When you have a tape that loads perfectly at least once, load it several more times in succession. You should get perfect or near-perfect results every time. Anything other than smooth screen filling, with no unusual characters, is an indication of an imperfect load. If you fail to achieve perfection, refer to the material in the next section. Otherwise, consider your test tape ready for use. Mark it with the date it was made, and set it aside in a safe place. If you want a second copy, use "Test Tape Maker" to create one, since there is no way to copy a completed tape. It's a good idea to put a copy of "Test Tape Maker" immediately after LOAD TEST on your tape, so you will have both of them whenever you need them.

Using The Test Tape

Now, whenever you have trouble LOADing a tape, you can evaluate the situation by loading LOAD TEST. If the screen fills properly, you know that your PET worked perfectly during the LOAD. The trouble is probably with your tape — it may be defective, or it may have been made on a recorder whose head is not aligned with yours. Read the Head Alignment section below.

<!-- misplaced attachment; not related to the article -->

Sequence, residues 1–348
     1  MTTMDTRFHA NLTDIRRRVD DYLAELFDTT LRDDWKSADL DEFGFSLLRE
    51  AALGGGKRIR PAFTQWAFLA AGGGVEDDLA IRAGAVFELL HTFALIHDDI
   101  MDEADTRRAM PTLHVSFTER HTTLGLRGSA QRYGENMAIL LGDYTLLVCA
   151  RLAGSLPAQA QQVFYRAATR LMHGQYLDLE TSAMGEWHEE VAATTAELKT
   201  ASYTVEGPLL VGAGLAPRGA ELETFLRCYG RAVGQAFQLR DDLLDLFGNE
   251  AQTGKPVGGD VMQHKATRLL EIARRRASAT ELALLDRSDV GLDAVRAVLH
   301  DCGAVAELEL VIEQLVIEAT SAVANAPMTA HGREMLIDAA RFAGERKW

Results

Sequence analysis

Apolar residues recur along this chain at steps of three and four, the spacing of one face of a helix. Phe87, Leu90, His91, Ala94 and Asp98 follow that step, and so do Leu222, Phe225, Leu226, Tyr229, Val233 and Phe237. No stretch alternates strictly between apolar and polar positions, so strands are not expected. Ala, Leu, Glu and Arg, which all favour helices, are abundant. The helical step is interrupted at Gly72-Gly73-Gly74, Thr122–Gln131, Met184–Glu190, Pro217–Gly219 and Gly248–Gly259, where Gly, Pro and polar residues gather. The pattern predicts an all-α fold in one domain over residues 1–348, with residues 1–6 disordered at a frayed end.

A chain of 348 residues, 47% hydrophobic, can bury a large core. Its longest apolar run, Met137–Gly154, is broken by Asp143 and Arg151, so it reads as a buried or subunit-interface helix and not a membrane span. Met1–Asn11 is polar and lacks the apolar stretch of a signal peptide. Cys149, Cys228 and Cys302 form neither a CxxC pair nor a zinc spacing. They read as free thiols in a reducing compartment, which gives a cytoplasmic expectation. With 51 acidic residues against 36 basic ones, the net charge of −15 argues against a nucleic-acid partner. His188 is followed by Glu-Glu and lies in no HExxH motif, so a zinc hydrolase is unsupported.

If your screen doesn't fill properly, there may be a problem with your machine, and you can use the screen display to evaluate it. Every improper or misplaced character on the screen represents a mishandled byte. By using the second program copy recorded on every tape, PET can automatically correct up to 31 of these. LOAD TEST, by the way, lets you see this as it happens, when "proper" characters appear on the screen in place of the "bad" ones during the 30 seconds just before the READY message. Normally, you should have very few, if any, mishandled bytes. The more you have, the greater your problem. If you have more than a very few, even though PET can correct them, something is awry with your machine's LOAD process, and corrective action is called for.